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Gut Check OK In Age Of Analytics, Gartner Says
Gut decisions are out of fashion in the world of analytics and big data, but one Gartner analyst says "Not so fast."
October 8, 2015
2 Min Read
<p align="left">A diagram similar to the one Rozwell displayed.</p>
best decision. These are the types of decisions that in a business setting we can put best practices around.
Complicated decisions are those where the relationship between cause and effect might be knowable with analysis and research, but isn't readily clear. In complicated decisions, we need to engage both our rational and emotional sides. We need to investigate by using data, but be aware of its limits. These are the types of decisions in business we can often set practices around as well, but they shouldn't be quite as inflexible.
"When we look at business decisions," Rozwell said, "we tend to like to stay with decisions that are simple or complicated. Those decisions are easier to make." But that isn't always possible. You'll see that some of the most important business decisions happen outside of these simple paradigms.
Complex decisions are those where the relationship between cause and effect is only knowable in retrospect. We might want to apply analytics to these decisions if they occur regularly (essentially transforming them to complicated or simple decisions). When faced with them, we simply have to go with our intuition. This type of decision calls for emerging practices to be created.
Chaotic decisions occur when events are seemingly random.
For these, it's most important to rely on your gut, because we have a built-in experience and intuition around things we have practiced. Rozwell gave the example of someone learning to golf. At first, people are awkward when swinging the club. They use their rational minds and try to guide the club. Eventually, as they practice, they are less rational and more instinctual.
Once you reach that level of experience, asking someone to think about their swing and explain it will make them more mechanical and awkward again. The rational brain gets in the way of intuition and experience. In other words, relying on your experience and intuition will make you a more "athletic" thinker in times of chaos. Rather than create any practices around these decisions, in a business setting we should approach each one as a novel moment.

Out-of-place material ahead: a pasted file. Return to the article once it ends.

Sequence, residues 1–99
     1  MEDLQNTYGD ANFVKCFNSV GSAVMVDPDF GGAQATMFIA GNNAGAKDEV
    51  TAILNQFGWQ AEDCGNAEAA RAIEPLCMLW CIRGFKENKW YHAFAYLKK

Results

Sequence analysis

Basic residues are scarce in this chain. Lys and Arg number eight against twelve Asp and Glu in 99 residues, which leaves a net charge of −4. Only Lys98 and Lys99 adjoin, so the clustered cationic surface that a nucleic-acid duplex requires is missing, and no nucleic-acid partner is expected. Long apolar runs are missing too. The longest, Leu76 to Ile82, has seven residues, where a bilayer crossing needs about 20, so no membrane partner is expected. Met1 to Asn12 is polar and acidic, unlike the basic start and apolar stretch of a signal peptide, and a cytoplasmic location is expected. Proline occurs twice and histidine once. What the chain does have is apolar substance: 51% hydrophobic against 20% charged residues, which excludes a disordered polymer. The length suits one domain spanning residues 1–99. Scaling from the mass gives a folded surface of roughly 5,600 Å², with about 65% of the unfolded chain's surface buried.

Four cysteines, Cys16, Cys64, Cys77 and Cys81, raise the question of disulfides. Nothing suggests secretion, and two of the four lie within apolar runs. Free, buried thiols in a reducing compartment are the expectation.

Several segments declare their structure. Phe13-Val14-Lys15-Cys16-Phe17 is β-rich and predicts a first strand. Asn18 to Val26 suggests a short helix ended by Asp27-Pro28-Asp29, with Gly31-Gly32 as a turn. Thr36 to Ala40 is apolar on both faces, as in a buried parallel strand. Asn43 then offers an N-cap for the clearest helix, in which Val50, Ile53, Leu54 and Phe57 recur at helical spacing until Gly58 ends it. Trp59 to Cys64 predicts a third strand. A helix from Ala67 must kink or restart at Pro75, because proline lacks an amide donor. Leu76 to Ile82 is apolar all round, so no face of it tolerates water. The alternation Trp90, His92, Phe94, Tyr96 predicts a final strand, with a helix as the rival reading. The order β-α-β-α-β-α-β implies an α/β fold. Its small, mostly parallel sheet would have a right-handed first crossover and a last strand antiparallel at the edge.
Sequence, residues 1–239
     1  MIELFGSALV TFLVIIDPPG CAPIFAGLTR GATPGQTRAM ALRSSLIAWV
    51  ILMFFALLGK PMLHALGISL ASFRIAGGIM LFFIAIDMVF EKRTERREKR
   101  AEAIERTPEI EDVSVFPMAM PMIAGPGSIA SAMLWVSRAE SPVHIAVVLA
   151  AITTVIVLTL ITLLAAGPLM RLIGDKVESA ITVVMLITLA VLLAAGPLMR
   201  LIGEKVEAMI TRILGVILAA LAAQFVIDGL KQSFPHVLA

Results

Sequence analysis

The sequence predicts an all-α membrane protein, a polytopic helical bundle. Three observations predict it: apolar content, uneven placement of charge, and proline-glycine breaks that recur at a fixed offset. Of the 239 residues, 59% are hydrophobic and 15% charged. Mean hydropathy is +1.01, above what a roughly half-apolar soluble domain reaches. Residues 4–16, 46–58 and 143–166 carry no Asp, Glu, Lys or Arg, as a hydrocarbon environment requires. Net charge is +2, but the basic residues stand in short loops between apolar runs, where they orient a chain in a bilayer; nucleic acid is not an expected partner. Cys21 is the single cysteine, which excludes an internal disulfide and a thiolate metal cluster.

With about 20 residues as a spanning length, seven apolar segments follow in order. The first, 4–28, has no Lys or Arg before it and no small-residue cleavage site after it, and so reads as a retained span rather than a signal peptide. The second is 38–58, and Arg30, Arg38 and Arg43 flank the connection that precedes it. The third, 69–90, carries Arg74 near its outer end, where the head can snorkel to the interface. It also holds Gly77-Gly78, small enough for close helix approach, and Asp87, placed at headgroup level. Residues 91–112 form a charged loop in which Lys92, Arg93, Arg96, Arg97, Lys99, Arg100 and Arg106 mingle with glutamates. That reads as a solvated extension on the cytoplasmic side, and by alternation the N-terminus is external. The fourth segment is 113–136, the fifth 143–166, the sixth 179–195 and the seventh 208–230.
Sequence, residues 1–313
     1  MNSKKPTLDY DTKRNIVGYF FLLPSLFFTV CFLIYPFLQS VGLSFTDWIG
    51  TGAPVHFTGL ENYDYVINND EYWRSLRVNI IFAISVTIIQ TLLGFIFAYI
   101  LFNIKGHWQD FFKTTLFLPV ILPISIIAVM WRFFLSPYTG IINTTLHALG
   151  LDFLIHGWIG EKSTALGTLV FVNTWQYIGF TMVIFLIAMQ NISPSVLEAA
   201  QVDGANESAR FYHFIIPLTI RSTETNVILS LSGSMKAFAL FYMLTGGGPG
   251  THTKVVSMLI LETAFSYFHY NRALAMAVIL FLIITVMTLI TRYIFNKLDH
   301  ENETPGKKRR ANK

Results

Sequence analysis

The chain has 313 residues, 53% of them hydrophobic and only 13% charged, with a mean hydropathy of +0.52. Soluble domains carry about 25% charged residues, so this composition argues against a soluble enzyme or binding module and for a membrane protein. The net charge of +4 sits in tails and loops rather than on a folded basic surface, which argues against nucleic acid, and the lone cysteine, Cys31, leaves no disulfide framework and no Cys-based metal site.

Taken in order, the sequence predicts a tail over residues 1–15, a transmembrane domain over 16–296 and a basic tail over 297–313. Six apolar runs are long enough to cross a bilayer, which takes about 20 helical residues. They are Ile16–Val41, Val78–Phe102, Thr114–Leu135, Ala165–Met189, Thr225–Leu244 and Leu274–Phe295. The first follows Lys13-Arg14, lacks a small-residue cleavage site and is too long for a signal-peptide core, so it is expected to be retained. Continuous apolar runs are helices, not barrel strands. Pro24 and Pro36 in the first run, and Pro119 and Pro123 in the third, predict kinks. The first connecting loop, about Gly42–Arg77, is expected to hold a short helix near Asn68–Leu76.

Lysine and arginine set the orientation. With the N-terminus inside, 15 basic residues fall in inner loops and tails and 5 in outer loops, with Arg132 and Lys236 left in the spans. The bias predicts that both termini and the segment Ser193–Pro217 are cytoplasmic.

The key to success, Rozwell believes, is to understand the type of decision you are trying to make and ensure that you key in every part of your brain as necessary. As a manger or IT pro, don't be afraid of some emotional decision-making. Sometimes it is the best way to engage your whole brain in a decision.
About the Author(s)
Executive Editor, Community & IT Life
David has been writing on business and technology for over 10 years and was most recently Managing Editor at Enterpriseefficiency.com. Before that he was an Assistant Editor at MIT Sloan Management Review, where he covered a wide range of business topics including IT, leadership, and innovation. He has also been a freelance writer for many top consulting firms and academics in the business and technology sectors. Born in Silver Spring, Md., he grew up doodling on the back of used punch cards from the data center his father ran for over 25 years. In his spare time, he loses golf balls (and occasionally puts one in a hole), posts too often on Facebook, and teaches his two kids to take the zombie apocalypse just a little too seriously.
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